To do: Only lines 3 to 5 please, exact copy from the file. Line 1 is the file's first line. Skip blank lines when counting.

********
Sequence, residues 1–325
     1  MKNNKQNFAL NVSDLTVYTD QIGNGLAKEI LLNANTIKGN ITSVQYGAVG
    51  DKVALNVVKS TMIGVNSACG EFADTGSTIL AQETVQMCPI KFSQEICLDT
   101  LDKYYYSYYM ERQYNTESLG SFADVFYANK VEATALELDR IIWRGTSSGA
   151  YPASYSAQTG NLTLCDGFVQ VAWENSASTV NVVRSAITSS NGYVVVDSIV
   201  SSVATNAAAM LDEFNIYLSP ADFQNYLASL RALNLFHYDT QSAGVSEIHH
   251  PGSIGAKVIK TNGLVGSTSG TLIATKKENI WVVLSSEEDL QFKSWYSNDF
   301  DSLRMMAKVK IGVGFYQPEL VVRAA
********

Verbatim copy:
    51  DKVALNVVKS TMIGVNSACG EFADTGSTIL AQETVQMCPI KFSQEICLDT
   101  LDKYYYSYYM ERQYNTESLG SFADVFYANK VEATALELDR IIWRGTSSGA
   151  YPASYSAQTG NLTLCDGFVQ VAWENSASTV NVVRSAITSS NGYVVVDSIV